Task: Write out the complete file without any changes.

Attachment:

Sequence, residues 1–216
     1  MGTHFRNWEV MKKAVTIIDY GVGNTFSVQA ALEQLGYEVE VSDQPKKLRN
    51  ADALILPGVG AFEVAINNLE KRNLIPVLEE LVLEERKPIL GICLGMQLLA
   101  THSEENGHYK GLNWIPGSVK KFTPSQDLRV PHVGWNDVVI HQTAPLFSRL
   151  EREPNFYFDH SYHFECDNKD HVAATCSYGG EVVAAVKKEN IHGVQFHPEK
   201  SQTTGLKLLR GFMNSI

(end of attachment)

Sequence, residues 1–216
     1  MGTHFRNWEV MKKAVTIIDY GVGNTFSVQA ALEQLGYEVE VSDQPKKLRN
    51  ADALILPGVG AFEVAINNLE KRNLIPVLEE LVLEERKPIL GICLGMQLLA
   101  THSEENGHYK GLNWIPGSVK KFTPSQDLRV PHVGWNDVVI HQTAPLFSRL
   151  EREPNFYFDH SYHFECDNKD HVAATCSYGG EVVAAVKKEN IHGVQFHPEK
   201  SQTTGLKLLR GFMNSI